Wednesday, July 12, 2006

Bowl of lemons/repetition

0607 lemon bowl
Originally uploaded by rooruu.

Some of yesterday's lemons, destined for home made lemonade. Home grown lemons have a pleasing variety in their sizes and shapes, with odd ridges on some, and bird poop on a few.

Elizabeth Farrelly, the architecture writer for the Sydney Morning Herald, had an interesting piece in today's paper that relates to this. She begins with a Biennale exhibit involving thousands of hand made clay figures, little more than bodies with eyes, but oddly compelling. Antony Gormley's Asian Field.

To quote from her piece:
It's a quality for which English should supply a name, but doesn't. Something like unity-in-diversity would do, except for the ecumenical overtones. Or complexity-within-unity. Emergence is similar - the idea that simple units and rules can co-operate, like termites in a colony or neurons in a brain, to produce a sophisticated and self-directed whole. Emergence, though, is a concept from science, not aesthetics. And it doesn't capture the idea of essential difference, where small but myriad variations in the parts generate an extraordinary beauty in the whole.

It's a quality that occurs, if we're lucky, in buildings, street walls, facades, villages, textures and spaces. Compare, for example, a typical 17th-century brick wall with a new one. The first is warm, charming and picturesque, the second cold, chiselled, ruthless-looking. It's not just age or patina or the traditional patterns of brick-bonding, though these all help. It's that the old bricks, being handmade, are all slightly different, slightly wonky.

This simple fact gives the completed wall a softness, or humanness, to which we instinctively warm.

She goes on to talk of the garden walls in Lang St near Centennial Park "singing from the same song sheet", and the terraces of Paddington clinging up and down its steep streets, landscape dictating variation even if the basic design of adjacent houses is the same, as architectural examples of these ideas.

I'm sure, in patchwork, that this principle operates. I was talking today to another quilter. Both of us have made quilts that now, in the hands of non-quilters, have a place of honour on a wall that we never imagined. We each made relatively simple quilts, never beginning with the intention of a masterpiece, and not ending, either, with something that we considered to be one. We took care and pleasure in the making, and made quilts that pleased us. But those who own them now have them hanging as artworks.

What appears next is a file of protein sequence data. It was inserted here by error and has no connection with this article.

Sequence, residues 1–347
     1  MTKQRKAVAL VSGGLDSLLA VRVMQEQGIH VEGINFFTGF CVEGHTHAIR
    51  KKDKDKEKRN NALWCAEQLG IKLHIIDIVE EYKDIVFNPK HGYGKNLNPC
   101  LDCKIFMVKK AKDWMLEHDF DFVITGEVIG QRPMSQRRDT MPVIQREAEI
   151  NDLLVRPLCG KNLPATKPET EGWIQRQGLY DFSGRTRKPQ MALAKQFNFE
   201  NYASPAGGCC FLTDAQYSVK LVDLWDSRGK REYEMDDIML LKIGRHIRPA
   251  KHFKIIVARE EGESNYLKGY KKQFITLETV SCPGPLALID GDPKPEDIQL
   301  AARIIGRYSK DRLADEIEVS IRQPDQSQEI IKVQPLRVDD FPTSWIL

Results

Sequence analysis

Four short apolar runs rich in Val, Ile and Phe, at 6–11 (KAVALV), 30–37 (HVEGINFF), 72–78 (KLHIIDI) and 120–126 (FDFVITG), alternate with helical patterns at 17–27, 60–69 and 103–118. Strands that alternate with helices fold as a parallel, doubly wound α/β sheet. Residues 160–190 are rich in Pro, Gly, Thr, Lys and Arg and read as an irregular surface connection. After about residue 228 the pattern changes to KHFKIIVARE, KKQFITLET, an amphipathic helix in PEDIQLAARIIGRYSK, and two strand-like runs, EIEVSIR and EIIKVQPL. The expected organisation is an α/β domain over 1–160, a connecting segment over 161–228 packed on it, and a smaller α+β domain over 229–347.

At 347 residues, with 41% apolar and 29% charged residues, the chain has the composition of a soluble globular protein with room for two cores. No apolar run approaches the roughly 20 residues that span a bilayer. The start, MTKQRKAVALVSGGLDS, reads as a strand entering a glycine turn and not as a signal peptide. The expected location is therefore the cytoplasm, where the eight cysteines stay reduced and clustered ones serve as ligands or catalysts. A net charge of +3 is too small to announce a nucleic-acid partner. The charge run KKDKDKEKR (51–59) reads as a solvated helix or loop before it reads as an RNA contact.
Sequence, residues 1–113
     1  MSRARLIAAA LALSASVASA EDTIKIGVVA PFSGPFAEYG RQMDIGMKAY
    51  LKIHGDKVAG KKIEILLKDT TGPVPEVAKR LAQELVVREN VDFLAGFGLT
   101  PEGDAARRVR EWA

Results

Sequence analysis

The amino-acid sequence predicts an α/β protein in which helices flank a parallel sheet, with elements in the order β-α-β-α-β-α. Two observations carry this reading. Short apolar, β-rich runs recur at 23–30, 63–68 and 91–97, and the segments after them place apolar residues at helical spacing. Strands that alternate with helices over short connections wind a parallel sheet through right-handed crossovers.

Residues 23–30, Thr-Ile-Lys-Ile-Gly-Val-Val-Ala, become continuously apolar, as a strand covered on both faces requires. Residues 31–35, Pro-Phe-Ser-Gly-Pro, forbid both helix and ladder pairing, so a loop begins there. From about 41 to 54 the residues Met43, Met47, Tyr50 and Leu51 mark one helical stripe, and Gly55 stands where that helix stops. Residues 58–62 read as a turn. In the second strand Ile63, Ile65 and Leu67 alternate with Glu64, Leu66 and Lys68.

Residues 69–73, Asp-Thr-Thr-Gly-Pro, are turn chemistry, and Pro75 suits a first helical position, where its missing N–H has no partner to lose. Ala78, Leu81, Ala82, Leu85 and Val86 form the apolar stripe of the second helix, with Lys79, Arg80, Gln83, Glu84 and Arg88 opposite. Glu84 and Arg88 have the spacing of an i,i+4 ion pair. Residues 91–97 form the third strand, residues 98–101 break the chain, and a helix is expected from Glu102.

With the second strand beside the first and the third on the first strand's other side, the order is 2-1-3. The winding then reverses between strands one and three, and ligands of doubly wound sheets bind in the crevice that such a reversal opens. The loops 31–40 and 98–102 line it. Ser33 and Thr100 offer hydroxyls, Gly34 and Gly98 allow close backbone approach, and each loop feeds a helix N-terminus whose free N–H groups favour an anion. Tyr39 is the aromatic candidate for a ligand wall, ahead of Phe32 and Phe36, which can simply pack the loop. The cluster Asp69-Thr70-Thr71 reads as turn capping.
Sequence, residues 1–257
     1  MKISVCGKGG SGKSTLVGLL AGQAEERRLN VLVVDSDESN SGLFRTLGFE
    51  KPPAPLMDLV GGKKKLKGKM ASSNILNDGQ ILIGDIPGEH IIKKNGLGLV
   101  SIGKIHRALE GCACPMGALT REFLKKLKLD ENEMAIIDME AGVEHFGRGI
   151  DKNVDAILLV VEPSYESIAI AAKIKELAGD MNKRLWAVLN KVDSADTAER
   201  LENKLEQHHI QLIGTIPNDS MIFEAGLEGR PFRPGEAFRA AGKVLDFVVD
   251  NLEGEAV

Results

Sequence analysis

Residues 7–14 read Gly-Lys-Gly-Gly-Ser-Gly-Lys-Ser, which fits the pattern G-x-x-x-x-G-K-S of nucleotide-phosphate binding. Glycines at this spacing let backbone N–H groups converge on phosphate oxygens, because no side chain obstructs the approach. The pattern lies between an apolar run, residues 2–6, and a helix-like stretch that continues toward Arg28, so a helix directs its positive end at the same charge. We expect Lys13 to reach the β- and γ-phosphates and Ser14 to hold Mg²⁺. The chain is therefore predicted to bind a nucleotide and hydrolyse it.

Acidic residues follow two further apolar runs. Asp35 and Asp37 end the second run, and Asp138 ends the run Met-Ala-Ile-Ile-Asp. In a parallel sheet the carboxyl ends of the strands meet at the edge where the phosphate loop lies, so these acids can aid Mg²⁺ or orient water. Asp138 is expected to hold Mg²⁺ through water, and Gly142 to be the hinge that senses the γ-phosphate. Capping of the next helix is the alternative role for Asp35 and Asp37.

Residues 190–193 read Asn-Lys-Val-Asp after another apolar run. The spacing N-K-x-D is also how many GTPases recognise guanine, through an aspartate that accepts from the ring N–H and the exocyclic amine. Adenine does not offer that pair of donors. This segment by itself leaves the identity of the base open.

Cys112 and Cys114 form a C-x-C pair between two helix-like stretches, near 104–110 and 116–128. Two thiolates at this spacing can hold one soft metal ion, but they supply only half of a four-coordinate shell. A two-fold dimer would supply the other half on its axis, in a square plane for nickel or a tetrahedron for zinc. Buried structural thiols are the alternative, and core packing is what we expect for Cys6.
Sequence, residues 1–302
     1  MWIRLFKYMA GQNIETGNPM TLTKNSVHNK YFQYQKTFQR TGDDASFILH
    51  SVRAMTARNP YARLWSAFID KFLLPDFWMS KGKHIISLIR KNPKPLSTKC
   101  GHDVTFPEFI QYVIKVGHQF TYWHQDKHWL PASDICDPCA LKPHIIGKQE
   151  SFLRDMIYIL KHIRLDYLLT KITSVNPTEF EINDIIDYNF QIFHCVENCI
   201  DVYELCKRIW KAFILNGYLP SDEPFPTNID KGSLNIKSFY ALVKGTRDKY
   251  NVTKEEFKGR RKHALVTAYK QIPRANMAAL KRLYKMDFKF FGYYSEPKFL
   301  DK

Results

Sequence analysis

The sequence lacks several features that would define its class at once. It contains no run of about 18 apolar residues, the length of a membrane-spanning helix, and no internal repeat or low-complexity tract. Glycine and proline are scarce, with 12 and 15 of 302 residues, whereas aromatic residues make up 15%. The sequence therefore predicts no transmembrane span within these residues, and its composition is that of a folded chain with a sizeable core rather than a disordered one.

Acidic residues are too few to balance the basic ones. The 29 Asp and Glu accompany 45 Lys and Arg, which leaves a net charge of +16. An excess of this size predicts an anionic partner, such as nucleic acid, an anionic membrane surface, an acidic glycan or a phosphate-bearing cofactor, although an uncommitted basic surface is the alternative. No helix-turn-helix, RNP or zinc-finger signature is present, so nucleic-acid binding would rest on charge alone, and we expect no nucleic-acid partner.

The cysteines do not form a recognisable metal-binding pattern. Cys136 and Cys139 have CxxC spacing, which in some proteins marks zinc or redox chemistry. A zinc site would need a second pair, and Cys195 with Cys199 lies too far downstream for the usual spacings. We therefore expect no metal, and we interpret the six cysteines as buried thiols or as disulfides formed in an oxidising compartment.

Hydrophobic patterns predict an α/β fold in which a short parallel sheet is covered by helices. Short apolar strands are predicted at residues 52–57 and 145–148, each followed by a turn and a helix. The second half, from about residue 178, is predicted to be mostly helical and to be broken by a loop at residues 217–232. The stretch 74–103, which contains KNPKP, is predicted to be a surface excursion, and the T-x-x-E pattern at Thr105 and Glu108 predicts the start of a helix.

Past a whole bunch of other arguments (I don't think we'd have been happy to find our works being trashed or treated like any old covering), there is an accessible pleasure in quilts for the nonquilter, and part of that is probably due to the handmade repetition of which Elizabeth Farrelly speaks.

Some modern art quilts can seem remote (and I've seen others that are way too much in-your-face personal, too). But pick a vintage quilt, simple blocks, pleasing colours, and you'd be hard-pressed to find many people who didn't feel drawn to it, and the non quilters at local quilt shows are equally drawn to what they see.

These lemons aren't perfect. Nor are my quilts (perfect points? Nope - they may sit flat, but the points aren't necessarily perfect). But they share this quality of simple units combining to a brain-engaging whole. I find myself liking repetition in many places. I learned a while ago that one of Nancy Crow's childhood favourites was the picture book, Mike Mulligan and his Steam Shovel, for its illustrations. I loved it then and now - for the power of its story as well as its singular and engaging illustrations. (It's by Virginia Lee Burton and is still deservedly in print: Amazon has an excellent list of classic picture books here).

NOTE: If you're interested in reading the Farrelly piece, which includes an illustration of Asian Field, the SMH lets you read stuff for 10 days free, and will then require payment. This is the full URL of the article today:

Thanks to Kt at the Department, here's a link to more information on Asian Field. Kt does some of the most amazing photography you will see. She has an extraordinary eye.


Lucy,scquilter,Lismore said...


This coincides very much with my thoughts on modern children's toys - they are all over designed, too large, machine-made of non natural products and somewhat psychologically removed from the child. The look, feel and texture of a plastic cubby house is far different to a cubby made by the children outdoors of whatever they find, or a large sheet thrown over the kitchen table. Toys of natural products such as timber and cloth, are more touchy feely, more hands on to produce, and more interesting to look at.

Scrap quilts certainly cupply the divergence quotient for the eye to see the quilt as a mixture of different samenesses that give that delightful appeal to the eye. Though not a lover of American style blocks, I do enjoy simple block structures such as 9 patch, 16 patch, 25 patch,, strippy quilts, half and quater sqaure triangles, checkered borders, flying geese,and some log cabin variations. If I look at those in the context of the article, then they would certainly qualify if the individual patches are more scrappy than all the same fabric. A very good example is your quilt made form Moda's Cinnamon Stars fabric with the slashed triangles and 81 patch blocks. This type of quilt is very homey to me but also is a very beautiful piece to grace a wall as the focus piece of an architectural wall.

Very interesting. Thanks for bringing the article to our attention.
Cheers, Lucy

Buffy said...

Thank you, Ruth, for mentioning the SMH article ... I found it interesting as well as your "take" on it ...